"The memory loss at least is correctable. Relearning things normally rather than through implantation even appears to be shifting the activity in his brain back toward a more normal distribution. He's undergoing physical therapy for the loss of muscle tissue in his arm as well as for the hypertonia."
"When will he be okay again?" Clark asked sounding lost.
Bruce glared at him furiously. "Parts of his brain are gone!" he snapped. "He's relearning things he knew a few months ago. He uses his wrist computer remind him of things that should be routine. He's on muscle relaxants and maybe, maybe with enough refinements he'll be able to walk without the damned crutch again. But even then there are still the occasional spastic events when it suddenly gets worse for no reason at all. On top of that there's the stabilizing agent that he has to take just to keep his body from breaking down!"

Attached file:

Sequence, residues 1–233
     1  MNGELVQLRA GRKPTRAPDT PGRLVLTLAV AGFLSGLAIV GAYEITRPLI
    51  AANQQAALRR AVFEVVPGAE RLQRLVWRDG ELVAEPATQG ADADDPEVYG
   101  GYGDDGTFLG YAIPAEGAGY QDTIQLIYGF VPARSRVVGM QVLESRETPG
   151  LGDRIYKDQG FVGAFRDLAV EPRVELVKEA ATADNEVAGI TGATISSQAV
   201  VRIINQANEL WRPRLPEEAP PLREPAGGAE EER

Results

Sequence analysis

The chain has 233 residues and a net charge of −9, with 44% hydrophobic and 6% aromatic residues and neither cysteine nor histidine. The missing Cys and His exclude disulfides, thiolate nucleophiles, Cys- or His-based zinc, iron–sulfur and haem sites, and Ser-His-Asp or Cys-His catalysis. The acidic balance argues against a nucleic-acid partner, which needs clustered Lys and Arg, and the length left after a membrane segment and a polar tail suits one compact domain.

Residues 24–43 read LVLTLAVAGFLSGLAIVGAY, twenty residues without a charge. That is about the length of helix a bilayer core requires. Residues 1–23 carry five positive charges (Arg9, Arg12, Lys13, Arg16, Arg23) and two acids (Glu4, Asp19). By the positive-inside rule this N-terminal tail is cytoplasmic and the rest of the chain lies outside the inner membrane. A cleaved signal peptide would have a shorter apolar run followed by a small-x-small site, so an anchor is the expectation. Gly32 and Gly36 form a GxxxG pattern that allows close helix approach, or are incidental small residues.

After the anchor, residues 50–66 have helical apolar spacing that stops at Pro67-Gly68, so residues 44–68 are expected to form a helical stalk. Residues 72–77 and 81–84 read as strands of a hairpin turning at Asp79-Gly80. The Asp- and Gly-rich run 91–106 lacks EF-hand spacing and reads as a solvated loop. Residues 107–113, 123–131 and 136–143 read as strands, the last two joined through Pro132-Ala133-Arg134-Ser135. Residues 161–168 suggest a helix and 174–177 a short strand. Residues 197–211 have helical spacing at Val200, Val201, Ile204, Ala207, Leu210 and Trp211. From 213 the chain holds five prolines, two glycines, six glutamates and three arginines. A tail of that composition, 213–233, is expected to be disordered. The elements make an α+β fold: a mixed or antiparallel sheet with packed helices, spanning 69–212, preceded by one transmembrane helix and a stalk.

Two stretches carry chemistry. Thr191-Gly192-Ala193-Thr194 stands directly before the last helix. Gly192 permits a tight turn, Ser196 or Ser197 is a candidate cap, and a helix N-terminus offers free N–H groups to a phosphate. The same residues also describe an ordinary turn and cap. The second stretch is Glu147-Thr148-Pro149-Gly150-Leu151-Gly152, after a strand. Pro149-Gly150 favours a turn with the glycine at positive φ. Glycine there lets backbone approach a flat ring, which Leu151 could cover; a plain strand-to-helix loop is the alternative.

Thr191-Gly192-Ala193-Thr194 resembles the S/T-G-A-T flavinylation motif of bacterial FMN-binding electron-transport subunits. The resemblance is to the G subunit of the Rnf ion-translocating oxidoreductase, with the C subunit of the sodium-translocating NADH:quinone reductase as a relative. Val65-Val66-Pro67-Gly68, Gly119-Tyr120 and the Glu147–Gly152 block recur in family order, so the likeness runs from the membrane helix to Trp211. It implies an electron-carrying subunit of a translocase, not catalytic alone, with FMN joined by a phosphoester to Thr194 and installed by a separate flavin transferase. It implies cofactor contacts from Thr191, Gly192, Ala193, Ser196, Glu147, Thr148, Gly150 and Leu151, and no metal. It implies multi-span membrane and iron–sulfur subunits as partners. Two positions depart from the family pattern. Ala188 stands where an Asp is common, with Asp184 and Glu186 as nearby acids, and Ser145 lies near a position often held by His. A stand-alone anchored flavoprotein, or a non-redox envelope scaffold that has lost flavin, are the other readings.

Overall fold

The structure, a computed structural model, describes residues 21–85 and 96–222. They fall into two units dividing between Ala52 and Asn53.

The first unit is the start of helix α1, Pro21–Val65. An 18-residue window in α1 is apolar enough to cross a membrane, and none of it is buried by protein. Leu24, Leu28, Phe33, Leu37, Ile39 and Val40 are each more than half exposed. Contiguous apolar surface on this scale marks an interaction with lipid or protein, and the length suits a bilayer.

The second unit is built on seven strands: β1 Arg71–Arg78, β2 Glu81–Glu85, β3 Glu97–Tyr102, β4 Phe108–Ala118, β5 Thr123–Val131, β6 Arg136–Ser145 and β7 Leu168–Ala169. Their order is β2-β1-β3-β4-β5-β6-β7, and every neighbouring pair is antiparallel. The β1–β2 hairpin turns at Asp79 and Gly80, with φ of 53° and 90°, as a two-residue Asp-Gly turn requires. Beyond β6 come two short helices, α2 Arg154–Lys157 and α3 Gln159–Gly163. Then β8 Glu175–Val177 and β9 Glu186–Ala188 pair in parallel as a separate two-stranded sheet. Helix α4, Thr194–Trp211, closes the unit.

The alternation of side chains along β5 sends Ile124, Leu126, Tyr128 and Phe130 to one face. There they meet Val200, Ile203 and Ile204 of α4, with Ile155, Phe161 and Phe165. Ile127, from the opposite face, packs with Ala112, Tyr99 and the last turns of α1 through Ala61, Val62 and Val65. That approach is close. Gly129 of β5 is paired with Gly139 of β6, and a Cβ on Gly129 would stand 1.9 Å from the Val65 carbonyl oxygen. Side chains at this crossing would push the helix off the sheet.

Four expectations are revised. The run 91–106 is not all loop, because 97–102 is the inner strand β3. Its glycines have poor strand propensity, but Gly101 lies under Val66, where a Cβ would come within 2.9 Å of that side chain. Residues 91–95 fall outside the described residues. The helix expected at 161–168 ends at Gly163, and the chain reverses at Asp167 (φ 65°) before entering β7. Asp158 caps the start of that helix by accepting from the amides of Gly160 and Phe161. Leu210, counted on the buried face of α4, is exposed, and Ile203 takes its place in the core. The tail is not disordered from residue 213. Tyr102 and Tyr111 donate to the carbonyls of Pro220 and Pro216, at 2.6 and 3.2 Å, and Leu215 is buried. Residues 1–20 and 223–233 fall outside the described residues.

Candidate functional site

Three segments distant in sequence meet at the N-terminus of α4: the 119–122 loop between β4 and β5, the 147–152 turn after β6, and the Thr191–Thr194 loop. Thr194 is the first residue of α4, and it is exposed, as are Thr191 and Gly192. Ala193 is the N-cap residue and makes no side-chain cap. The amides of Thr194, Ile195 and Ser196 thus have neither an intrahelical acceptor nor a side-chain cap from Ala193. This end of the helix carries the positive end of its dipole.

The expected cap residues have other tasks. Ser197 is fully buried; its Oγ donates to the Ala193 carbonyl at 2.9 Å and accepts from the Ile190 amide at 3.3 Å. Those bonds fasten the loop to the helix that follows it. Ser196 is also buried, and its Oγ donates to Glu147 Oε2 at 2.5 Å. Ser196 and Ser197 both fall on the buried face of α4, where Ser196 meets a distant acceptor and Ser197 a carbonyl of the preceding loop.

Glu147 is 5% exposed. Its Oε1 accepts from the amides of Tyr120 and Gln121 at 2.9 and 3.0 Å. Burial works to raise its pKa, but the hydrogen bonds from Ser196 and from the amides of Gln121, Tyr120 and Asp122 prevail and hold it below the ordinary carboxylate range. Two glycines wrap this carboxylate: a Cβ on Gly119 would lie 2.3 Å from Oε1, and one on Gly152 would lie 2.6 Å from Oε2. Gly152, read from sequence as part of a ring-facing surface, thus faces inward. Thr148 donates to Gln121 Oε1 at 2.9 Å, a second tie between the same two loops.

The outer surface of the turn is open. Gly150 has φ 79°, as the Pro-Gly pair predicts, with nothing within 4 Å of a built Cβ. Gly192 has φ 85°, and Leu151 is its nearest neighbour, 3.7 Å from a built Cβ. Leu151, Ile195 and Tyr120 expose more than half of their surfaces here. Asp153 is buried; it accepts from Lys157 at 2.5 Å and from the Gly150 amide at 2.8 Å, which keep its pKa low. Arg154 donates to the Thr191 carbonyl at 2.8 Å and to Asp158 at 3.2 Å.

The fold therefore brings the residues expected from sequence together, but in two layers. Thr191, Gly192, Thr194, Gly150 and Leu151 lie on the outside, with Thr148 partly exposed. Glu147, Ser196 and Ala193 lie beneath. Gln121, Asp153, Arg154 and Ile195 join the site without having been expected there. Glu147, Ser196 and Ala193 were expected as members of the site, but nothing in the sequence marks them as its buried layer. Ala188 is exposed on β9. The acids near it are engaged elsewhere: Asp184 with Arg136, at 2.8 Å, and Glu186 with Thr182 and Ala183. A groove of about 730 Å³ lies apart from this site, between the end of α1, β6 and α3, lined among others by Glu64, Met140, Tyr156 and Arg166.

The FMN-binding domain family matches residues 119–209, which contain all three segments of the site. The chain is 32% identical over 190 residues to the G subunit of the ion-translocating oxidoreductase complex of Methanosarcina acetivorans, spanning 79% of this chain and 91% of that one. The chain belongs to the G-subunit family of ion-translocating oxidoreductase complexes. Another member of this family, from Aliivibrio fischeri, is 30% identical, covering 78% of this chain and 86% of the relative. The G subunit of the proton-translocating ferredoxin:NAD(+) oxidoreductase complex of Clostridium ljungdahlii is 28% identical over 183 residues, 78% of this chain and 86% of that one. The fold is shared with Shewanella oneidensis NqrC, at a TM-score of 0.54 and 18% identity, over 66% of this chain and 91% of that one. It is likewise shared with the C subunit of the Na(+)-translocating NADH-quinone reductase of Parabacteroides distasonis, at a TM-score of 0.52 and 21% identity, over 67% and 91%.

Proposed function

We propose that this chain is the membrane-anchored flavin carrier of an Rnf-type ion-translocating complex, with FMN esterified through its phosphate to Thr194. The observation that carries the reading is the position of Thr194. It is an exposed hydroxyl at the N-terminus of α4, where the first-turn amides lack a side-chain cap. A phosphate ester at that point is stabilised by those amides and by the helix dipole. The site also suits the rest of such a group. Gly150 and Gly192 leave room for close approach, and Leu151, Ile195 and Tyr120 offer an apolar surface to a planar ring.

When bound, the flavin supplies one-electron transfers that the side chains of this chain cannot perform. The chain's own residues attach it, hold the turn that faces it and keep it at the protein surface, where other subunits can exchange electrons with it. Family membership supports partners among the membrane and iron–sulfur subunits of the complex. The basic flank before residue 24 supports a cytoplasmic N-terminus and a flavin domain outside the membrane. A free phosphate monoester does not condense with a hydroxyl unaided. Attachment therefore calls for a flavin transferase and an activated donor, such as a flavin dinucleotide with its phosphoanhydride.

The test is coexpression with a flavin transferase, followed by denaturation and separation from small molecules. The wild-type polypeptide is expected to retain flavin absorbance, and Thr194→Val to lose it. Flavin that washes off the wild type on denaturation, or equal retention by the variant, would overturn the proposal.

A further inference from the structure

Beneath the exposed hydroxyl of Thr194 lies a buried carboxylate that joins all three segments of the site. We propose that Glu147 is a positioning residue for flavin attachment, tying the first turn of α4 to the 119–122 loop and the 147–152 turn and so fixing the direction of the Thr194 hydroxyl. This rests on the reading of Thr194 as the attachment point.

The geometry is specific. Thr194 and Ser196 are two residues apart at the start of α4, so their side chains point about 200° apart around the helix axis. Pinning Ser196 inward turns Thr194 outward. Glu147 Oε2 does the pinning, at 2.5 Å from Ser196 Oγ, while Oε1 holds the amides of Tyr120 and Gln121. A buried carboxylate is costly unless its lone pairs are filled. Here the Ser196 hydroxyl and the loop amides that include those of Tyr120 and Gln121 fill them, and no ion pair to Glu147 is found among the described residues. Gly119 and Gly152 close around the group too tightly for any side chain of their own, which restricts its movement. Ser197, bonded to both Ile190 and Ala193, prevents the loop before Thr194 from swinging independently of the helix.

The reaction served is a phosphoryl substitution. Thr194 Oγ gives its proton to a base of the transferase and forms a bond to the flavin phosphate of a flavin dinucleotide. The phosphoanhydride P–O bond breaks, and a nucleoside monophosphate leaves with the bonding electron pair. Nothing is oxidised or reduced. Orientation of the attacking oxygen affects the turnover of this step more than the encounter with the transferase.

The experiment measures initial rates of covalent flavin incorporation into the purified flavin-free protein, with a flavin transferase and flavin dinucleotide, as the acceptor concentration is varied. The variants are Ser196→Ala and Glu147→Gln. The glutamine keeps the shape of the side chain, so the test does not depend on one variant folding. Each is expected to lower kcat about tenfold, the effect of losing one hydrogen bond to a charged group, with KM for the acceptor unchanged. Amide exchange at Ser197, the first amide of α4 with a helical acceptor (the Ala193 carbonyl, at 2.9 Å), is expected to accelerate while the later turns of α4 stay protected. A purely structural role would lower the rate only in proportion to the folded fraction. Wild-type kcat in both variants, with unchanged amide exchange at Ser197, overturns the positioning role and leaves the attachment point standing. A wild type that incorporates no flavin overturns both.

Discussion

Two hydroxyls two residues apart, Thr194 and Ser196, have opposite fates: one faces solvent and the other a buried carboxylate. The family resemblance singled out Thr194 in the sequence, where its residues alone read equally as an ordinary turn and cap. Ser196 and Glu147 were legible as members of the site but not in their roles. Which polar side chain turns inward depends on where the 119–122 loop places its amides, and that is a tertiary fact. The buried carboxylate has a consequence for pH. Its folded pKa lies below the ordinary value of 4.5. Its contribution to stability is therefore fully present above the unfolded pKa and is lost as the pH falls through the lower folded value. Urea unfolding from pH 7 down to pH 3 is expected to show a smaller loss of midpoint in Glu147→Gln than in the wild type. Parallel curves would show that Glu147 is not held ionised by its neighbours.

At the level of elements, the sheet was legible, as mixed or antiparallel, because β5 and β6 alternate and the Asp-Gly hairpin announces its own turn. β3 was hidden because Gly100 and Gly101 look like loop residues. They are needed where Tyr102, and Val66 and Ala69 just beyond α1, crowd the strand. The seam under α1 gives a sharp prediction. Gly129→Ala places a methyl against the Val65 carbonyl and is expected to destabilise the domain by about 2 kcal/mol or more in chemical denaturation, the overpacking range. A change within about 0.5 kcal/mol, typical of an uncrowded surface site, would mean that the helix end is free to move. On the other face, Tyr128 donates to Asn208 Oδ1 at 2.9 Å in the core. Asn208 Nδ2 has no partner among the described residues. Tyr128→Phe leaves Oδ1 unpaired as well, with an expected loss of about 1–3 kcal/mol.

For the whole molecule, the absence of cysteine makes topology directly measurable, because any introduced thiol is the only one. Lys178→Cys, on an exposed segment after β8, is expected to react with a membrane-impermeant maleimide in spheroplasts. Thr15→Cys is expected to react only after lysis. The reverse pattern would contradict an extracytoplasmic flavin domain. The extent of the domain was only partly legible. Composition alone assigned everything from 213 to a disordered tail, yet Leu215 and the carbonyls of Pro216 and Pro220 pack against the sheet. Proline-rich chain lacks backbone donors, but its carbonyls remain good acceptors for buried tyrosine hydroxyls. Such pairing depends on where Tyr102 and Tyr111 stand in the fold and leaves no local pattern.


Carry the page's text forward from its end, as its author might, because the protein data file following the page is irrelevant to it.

"STAR Labs managed to reformat all his medication into so that they can be administered as an inhalant. We don't have to expose him to Kryptonite every day just to give him a damned shot. Instead he just sleeps with a gas mask because it takes the whole night to get an effective dose. Okay? That was a pipe dream by the third time we cut into his brain. I'm shooting for getting him to the point where he can stand to live with it."
Bruce sounded angry, frustrated and tired and Clark suddenly realized as much as Bruce really was upset with him he was also a convenient target. Angry, that was normal, for Bruce anyway. Frustrated, given what they did they all had their days. No matter how many villains they put away there were always more, there were always the ones who wouldn't stay away. Tired, tired was not normal, especially not for Bruce. It occurred to Clark that the situation with Superboy was wearing him down in a way that nearly a decade of fighting a war that couldn't be won hadn't.